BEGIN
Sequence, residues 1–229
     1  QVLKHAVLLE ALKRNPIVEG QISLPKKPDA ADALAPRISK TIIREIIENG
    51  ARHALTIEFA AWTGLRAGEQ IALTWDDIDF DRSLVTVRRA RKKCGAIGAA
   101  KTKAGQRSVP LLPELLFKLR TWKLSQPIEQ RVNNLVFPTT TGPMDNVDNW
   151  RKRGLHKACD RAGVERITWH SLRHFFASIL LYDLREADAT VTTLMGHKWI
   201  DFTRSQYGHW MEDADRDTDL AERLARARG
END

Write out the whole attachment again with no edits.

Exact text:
Sequence, residues 1–229
     1  QVLKHAVLLE ALKRNPIVEG QISLPKKPDA ADALAPRISK TIIREIIENG
    51  ARHALTIEFA AWTGLRAGEQ IALTWDDIDF DRSLVTVRRA RKKCGAIGAA
   101  KTKAGQRSVP LLPELLFKLR TWKLSQPIEQ RVNNLVFPTT TGPMDNVDNW
   151  RKRGLHKACD RAGVERITWH SLRHFFASIL LYDLREADAT VTTLMGHKWI
   201  DFTRSQYGHW MEDADRDTDL AERLARARG